Successful runners turn to cross-training to help combat boredom or to give that nagging foot injury a break. But even healthy, avid runners can use some cross-training in their life. Why? Cross-training helps lead to a better, injury-free performance come race day.
A University of Tennessee at Knoxville study found that training effect on VO2max (V02max is the maximum capacity a person's body to transport and use oxygen during exercise) transfers between cycling, running and swimming. In other words, whether you swim, bike or run, you're still training your body to use oxygen in a similarly effective way. So there's nothing to lose by mixing it up a bit.
Start by adding one or two cross-training activities into your weekly workout schedule.
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Cycling, like running, is largely dependent on the major muscles in the legs. It's also a great workout for the cardiovascular system, which will pay off when you're pounding the pavement.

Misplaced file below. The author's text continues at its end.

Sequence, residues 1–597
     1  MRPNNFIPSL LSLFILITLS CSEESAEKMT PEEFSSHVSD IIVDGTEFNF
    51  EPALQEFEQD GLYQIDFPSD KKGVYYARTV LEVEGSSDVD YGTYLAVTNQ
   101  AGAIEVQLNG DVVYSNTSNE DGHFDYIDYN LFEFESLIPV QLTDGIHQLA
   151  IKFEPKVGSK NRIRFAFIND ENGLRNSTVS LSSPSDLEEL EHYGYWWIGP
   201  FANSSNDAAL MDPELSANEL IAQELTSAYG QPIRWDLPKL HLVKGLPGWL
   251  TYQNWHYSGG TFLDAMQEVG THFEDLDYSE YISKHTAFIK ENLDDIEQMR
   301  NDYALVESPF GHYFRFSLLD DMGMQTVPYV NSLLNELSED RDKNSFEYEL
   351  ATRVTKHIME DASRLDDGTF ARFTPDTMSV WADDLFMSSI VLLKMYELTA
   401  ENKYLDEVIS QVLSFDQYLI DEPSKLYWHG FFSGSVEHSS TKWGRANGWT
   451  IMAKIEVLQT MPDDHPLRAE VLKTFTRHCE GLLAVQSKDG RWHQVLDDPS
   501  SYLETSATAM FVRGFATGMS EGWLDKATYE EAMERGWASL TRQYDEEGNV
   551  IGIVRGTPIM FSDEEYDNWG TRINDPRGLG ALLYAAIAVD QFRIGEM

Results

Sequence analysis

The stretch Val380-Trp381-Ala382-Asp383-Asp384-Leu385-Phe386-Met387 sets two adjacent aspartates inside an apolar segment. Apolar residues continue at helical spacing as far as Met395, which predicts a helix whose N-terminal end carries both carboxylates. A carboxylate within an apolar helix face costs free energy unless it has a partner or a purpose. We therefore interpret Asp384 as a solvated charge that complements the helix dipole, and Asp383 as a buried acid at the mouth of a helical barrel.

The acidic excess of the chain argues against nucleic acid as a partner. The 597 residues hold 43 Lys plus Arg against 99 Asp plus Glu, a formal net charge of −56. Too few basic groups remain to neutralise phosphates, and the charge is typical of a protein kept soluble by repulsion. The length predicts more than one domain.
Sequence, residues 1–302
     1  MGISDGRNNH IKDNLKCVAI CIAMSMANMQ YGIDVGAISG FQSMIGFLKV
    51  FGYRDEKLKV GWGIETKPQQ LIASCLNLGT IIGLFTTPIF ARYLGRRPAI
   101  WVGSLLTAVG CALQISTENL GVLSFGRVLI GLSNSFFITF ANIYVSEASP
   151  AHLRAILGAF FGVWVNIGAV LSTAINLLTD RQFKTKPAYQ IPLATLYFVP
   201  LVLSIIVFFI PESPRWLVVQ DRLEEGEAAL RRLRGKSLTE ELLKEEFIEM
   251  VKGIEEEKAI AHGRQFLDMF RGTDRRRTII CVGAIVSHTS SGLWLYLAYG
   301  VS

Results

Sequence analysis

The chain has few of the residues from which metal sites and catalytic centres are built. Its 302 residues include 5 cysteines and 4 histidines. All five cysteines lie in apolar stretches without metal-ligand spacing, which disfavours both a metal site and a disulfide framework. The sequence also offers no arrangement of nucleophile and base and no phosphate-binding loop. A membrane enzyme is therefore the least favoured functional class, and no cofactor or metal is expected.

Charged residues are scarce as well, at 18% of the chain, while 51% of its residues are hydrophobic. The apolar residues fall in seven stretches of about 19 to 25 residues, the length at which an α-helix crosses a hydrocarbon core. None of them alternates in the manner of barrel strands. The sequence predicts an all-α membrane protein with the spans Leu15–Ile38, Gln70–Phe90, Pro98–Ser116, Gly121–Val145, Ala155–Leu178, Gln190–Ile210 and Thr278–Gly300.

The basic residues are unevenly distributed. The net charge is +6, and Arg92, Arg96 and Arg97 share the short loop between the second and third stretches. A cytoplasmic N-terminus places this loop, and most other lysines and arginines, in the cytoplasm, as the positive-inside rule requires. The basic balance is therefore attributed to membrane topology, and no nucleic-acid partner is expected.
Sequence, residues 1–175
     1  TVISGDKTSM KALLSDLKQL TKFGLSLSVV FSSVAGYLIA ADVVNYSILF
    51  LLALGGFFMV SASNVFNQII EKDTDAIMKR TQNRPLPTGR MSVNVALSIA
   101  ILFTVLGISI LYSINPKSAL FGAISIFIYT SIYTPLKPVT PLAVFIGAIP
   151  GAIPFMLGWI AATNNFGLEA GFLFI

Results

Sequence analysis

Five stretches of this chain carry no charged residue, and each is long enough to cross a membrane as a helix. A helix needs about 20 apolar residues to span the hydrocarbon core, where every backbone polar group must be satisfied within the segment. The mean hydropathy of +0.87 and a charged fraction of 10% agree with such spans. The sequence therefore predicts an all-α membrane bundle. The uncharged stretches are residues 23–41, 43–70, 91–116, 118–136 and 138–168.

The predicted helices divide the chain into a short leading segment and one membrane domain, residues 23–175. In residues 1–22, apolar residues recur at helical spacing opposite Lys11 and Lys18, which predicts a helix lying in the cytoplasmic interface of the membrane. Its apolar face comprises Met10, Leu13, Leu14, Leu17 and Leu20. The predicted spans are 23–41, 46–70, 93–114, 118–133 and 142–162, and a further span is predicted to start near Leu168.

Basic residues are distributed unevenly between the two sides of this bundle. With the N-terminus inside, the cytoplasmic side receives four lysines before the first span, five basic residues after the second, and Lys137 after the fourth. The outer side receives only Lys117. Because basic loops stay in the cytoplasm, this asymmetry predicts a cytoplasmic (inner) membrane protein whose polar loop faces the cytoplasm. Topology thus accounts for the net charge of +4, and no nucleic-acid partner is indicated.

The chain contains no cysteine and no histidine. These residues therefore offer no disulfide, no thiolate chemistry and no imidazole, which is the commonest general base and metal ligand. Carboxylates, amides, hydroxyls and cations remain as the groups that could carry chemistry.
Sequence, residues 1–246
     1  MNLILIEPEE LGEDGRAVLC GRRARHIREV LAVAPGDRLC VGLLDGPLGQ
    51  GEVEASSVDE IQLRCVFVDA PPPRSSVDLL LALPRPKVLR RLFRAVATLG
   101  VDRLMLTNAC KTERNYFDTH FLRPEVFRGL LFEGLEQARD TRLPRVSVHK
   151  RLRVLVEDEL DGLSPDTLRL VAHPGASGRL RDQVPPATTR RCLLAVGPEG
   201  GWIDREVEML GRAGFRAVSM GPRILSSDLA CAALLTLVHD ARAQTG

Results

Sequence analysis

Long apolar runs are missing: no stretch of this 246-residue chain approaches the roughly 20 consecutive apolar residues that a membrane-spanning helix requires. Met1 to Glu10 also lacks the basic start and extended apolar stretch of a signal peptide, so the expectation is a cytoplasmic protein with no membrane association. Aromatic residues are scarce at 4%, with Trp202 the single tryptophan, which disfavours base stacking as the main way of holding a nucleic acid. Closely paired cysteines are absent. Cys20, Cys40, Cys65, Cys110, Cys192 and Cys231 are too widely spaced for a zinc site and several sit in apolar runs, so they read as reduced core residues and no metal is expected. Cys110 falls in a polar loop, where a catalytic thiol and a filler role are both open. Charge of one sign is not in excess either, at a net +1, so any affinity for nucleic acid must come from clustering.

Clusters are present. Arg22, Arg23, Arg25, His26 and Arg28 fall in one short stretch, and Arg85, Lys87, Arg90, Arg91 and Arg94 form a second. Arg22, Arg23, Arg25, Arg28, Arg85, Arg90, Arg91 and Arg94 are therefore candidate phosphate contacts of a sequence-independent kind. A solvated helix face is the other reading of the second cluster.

While some runners cringe at the mention of a pool, it is one of the best non-weight bearing cross-training activities for runners. It'll get your heart rate up while offering a total body workout.
It's harder than it looks. Plus, there's the added benefit of keeping off your feet for a while.
Other than aqua jogging, this activity mimics running better than any other. Be sure to put on enough resistance to get yourself sweating and your heart rate elevated.
Elite Nordic skiers have some of the highest VO2 max capacity in the athletic community. If you're in striking distance of a cross-country ski hill, make this activity a priority. It offers runners who live in colder climates a chance to train outdoors in the winter and it takes a load off your joints.